A walk through Galicia at the beginning of the 20th century, illustrated by Mariano Pedrero




It was in 1915 when the Burgos illustrator Mariano Pedrero took over the covers of the magazine «Mondariz». Although he settled in Madrid, where the edition of the publication was dated, his mind was already traveling to Galicia, “Probably your summer resort”, Suspicion Andrés Pedrero, his great-grandson, who now dedicates his time, in part, to account for the work and the figure of the illustrator.

Magazine «Mondariz» It was one of the great opportunities for Galician writers to “make a homeland”, as the Spanish National Library (BNE) collects. Among the most prominent firms were the figure of the author of Rosalía de Castro, Wenceslao Fernández Flórez or Emilio Castelar. They were the ones who shaped the texts of literary creation, both in prose and verse, and who made this publication, of a local nature, have an importance beyond attracting new tourists to the area. That was, in the beginning, its main task, to give an account of the information of the Mondariz area, with the Gran Hotel at the head of the stories.

There were seven years that Mariano Pedrero worked, practically in silence, in the Galician publication. A silence that he replaced with his publications, which managed to cross the barrier of the years and now his family conserves a large part of his works. Many of them in the Community.

Of the 47 or so publications that the magazine made under that name, 36 of its covers were illustrated by Burgos, estimates the great-grandson of the protagonist of these lines. “And its inner pages were illustrated by him, endless pages were,” he recalls and confirmed in a telephone conversation with this newspaper. “Although I would say that the covers of the magazine are the star of Mariano Pedrero in Galicia,” he contemplates.

“The covers of the magazine also show an evolution,” explains Pedrero on the other side of the phone line. “While the first numbers are all gold with a photo in the middle, the next ones show a woman, seated. Number by number the only thing that changes is the color, something that is already close to Scottish modernism ”, Pedrero analyzes. “From there they are more innovative”, He reflects, “number 45, for example, is also very modernist, close to the 60s, due to the color variations that can be seen.” The interiors of the magazine “Mondariz”, at least in the opinion of the illustrator’s great-grandson, “are more traditional, although very notable as well.”

In Mondariz, probably “He was soaked in part of the Galician culture” and he learned to enjoy its landscapes and everything that living in the Community entails, explains Andrés Pedrero. And this is demonstrated by his illustrations, not only for the publication of the thermal village, but also for all the drawings he made for Galicia. His great-grandson highlights three in particular, which collect, with Pedrero’s characteristic simplicity, two programs of the festivities of La Coruña, in the years 1905 and 1913. Those eight years of difference already show part of the evolution of the illustrator in terms of his profession.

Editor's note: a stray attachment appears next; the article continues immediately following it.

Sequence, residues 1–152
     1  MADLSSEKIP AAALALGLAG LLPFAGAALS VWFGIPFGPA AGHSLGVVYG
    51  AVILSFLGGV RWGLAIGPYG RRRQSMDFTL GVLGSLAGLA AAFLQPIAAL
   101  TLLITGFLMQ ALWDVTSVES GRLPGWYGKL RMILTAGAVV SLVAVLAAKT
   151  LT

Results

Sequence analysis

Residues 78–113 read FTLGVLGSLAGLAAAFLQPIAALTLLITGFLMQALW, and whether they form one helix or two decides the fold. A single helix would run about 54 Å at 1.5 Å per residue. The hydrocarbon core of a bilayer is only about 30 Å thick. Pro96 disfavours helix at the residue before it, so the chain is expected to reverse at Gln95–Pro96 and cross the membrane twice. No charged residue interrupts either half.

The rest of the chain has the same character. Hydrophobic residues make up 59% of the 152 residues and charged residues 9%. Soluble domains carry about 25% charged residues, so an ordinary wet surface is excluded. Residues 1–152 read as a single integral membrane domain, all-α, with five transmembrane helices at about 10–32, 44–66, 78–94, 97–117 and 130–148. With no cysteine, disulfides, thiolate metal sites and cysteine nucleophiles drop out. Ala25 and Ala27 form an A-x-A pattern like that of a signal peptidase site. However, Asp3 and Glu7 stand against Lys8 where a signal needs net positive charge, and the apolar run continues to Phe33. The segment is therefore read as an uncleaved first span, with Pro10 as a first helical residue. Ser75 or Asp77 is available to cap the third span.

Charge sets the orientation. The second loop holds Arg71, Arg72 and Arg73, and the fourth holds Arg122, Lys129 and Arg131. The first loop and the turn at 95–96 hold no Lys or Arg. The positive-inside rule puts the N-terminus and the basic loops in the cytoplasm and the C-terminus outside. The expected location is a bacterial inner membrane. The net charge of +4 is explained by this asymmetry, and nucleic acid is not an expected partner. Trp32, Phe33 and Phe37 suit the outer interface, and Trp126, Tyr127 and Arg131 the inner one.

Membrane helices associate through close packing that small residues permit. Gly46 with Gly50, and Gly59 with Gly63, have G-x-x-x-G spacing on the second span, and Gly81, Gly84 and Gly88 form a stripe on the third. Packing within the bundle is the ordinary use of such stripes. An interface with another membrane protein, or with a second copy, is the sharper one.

The illustrator is also remembered, and that is how the family wants to reflect it, by the «Galician Almanac» which includes a 1901 portrait of Pablo Iglesias, as well as a reproduction of Porta da Ponte Nova on the Betanzos wall.

“He made many trips”

Speaking of the early twentieth century, “the amount of trips he made is striking,” he reflects. “For the time we are talking about, and the means of transport that were available, yes, he traveled a lot”, Add.

Many of these trips were destined for the Galician territory, “for holidays, I think, he moved a lot in the north, he liked it.” This is how at least his great-grandson collects it, who owns a postcard that the illustrator sent to his son from La Coruña, on June 28, 1906. “I think it’s a holiday postcard,” he subscribes. In it, some men leave on a steamboat and, the next day, they had the intention of traveling to Santiago », reflects Andrés Pedrero.

To the question of how he would like Galicians to remember his great-grandfather, he answers with sincerity: “May he be remembered for his passion and creativity as the artist he was, that’s how he created the covers and interior drawings for Mondariz magazine”.

His publications also suggest that he traveled to Portugal on several occasions, more specifically to Lisbon. “He was there as a photojournalist, according to his publications”, says Pedrero.

The most representative, considers the interviewee, are the publications in the magazine «La Ilustração Española y Americana», where he was editor, with many illustrations that reflect Alfonso XIII and, “I think, I felt affinity” with the monarchical figure.

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